* Church warns of turmoil if term limits modified
* Statement tells Congolese to oppose any change
KINSHASA, July 2, The influential Roman Catholic
Church in the Democratic Republic of Congo urged President
Joseph Kabila on Tuesday to respect constitutional terms limits
and not seek reelection in the 2016 presidential election.
Speculation has been rife that Kabila will seek to modify
the constitution, which limits a president to two consecutive
five-year terms, but he has not said whether he will run.
The Congo Catholic bishops conference (CENCO) warned him
that any attempt to change the constitution and remain in power
could destabilize the mineral-rich nation which is still
recovering from decades of political turmoil.
"To seek to violate these provisions would set a dangerous
precedent on the long road to peace (and) national unity," read
a CENCO statement published a day after Congo's fifty-fourth
independence anniversary celebrations.
The message comes less than a month after international
envoys from the United States, European Union, African Union and
United Nations also urged Kabila to respect his constitutional
obligations and to publish an elections timetable.
Catholics make up about half of Congo's population. In the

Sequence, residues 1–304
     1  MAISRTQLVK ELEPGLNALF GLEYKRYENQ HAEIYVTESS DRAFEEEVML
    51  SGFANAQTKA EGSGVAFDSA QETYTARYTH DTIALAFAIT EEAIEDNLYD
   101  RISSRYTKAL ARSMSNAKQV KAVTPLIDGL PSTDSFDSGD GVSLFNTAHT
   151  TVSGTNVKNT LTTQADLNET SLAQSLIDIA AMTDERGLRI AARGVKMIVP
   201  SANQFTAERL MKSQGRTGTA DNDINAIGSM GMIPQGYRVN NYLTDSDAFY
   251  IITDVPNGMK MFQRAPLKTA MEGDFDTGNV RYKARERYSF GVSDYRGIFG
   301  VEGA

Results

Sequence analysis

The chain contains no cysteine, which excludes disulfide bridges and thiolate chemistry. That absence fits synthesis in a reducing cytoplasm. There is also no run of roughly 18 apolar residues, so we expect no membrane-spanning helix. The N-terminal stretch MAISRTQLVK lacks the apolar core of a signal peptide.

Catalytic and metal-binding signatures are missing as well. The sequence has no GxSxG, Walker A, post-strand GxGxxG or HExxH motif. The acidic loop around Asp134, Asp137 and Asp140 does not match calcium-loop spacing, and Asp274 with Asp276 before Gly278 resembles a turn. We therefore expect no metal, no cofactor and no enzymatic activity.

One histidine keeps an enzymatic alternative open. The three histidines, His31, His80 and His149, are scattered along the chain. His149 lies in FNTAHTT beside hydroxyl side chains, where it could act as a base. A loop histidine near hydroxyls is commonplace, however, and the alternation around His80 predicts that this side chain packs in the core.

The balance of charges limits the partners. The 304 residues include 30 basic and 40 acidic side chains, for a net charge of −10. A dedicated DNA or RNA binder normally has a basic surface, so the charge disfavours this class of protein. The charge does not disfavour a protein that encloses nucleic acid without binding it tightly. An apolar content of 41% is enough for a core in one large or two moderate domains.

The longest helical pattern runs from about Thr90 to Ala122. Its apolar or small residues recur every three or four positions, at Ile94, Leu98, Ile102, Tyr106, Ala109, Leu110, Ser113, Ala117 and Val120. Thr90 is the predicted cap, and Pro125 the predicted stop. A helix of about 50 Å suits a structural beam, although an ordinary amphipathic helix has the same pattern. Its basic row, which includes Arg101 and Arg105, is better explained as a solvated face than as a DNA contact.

absence of a coherent political opposition, the Church has been
one of Kabila's more vocal and influential critics, especially
following reports of ballot stuffing and voter intimidation
during his 2011 election victory.
In their statement, the bishops urged Congolese to "be
vigilant in opposing by all legal and peaceful means any attempt
to modify the locked articles," referring to constitutional
provisions that cannot be changed.
Having won elections in 2006 and 2011, Kabila's final
mandate expires in late 2016, but his political opponents fear
he will seek to change article 220, which bans any change to the
article setting out term limits.
CENCO also urged the government to provide the necessary
financial and material resources to ensure that elections take
place within the time-frame provided by the constitution, which
would mean presidential elections no later than December 2016.
Lambert Mende, Congo's government spokesman, said after the
warning by the international envoys that an electoral calendar
would be decided upon within the deadlines set by the
(Reporting by Peter Jones; Editing by Bate Felix and Tom